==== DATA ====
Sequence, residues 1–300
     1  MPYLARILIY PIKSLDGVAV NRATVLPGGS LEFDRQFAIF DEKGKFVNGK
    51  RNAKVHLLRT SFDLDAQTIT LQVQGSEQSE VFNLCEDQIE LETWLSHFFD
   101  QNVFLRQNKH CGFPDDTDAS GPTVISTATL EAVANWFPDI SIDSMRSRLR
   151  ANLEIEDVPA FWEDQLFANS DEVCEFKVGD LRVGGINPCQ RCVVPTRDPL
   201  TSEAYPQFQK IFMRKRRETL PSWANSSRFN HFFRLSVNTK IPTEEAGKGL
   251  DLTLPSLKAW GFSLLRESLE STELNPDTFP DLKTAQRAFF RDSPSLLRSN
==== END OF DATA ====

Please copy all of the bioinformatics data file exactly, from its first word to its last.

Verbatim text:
Sequence, residues 1–300
     1  MPYLARILIY PIKSLDGVAV NRATVLPGGS LEFDRQFAIF DEKGKFVNGK
    51  RNAKVHLLRT SFDLDAQTIT LQVQGSEQSE VFNLCEDQIE LETWLSHFFD
   101  QNVFLRQNKH CGFPDDTDAS GPTVISTATL EAVANWFPDI SIDSMRSRLR
   151  ANLEIEDVPA FWEDQLFANS DEVCEFKVGD LRVGGINPCQ RCVVPTRDPL
   201  TSEAYPQFQK IFMRKRRETL PSWANSSRFN HFFRLSVNTK IPTEEAGKGL
   251  DLTLPSLKAW GFSLLRESLE STELNPDTFP DLKTAQRAFF RDSPSLLRSN